It is that time of the year again, when things start to get out of control. Retailers around the nation add more interim sales associates to support the busy sales. Sales contribute 25-30 per cent of the overall sale for most retailers today and a sales period typically delivers profits between 1.75 – 2.25 times more than normal months. Co-founder and Director, Word Hatter, Sheetal Choksi advises on the best strategies.
Sale is a time when there is a welcome surge in footfalls, often exceeding footfalls received during Diwali and Christmas. Sales typically last for about six weekends up from the four weekends about four to five years ago. The skew of sales is classically in the first and third week, and weekends for the balance. Stores need 50-70 per cent more employees to manage the rush they face during the sales.
The processes followed by stores are critical to ensure that there is optimisation of business during sales. However, across board – whether we speak with operations heads, store managers or HR managers, we find that they all face the same problems: there is always a dearth of good temporary staff. This is a constant struggle, which only worsens every year with the increase in customer purchasing power and changing brand innovations. Hence, the need for more efficient people on the shop floor during sales only increases every year.
Given this scarcity of work force, how do large format retailers manage to serve this increased flood of consumers on the shop floor? What are the various strategies employed to find, train, motivate and incentivise this temporary employee pool without affecting the existing one? What innovative solutions are they employing to manage this scarcity? Can new age technology like apps and interactive kiosks help manage some of this dearth?
Sale is a part of the annual calendar in every retailer’s diary. Every department knows the months and dates well in advance and most departments including the HR plan their resources accordingly. Most large format stores have their strategies in place much in advance of the sale period.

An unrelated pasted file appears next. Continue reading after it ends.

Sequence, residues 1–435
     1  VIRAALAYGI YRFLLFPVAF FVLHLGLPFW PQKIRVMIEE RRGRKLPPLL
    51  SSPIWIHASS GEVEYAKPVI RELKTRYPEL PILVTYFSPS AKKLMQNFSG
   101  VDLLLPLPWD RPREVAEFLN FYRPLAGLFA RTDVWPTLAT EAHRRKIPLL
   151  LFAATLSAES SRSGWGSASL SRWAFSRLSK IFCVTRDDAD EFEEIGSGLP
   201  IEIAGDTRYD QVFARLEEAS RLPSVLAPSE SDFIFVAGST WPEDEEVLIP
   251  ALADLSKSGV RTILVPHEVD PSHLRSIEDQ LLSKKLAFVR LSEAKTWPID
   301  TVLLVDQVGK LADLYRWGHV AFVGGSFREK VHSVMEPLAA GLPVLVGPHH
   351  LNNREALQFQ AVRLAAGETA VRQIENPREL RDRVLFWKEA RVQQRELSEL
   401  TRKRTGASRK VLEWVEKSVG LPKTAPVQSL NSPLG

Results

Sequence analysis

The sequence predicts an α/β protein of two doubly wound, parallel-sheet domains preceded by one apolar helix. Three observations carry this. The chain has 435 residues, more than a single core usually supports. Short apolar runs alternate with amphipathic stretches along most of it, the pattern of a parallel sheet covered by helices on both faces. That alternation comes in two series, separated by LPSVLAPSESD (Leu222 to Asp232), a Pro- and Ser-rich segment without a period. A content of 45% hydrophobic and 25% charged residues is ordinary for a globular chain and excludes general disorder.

During sale, when the focus is to ensure maximum , streamlining certain processes ensures that the burden on the front-end staff is reduced to the minimum. Also, evaluating these processes helps understand what additional numbers of staff are required, for what roles and towards influencing which aspect of the consumer purchase process, such that consumer expectations are met during this high frenzy, high activity phase.
Unlike during regular periods, consumer expectations are different for the sale period, according to most retailers. They are not looking for experience but for the right product at the right price. The focus of the retailer too needs to be seen through the same lens. Most retailers believe that the pain points of consumers typically have to do with the following:
– Finding the right size
– Long queues at trial rooms
– Long queues at cash registers – especially with tagging issues and issues of wrong pricing or coding
– Parking at entry and exit
Most retailers also believe that if the following process are closely planned and monitored, given that a lot of the same has to be implemented much before sale, the pressure on the front-end staff can be reduced dramatically.
Size wise and fit wise display: Size wise display is most advisable during sale for ease of shopping. Also important is to have fit wise display to ensure lower rate of returns and exchanges during sale.
Availability of garments: Loss of sale happens due to non-availability of colour and style on the shop floor. People tend to leave garments lying in different departments and therefore there is a need to have a special recovery team that will ensure that the garments are placed back in the appropriate sections.
Trial room management: Most stores set up temporary trial rooms in addition to the existing ones. Often garments are left behind in trial rooms post trials, hence retailers need to have staff that will ensure that the movement of stock from trial room to shelf or display hangers is more efficient.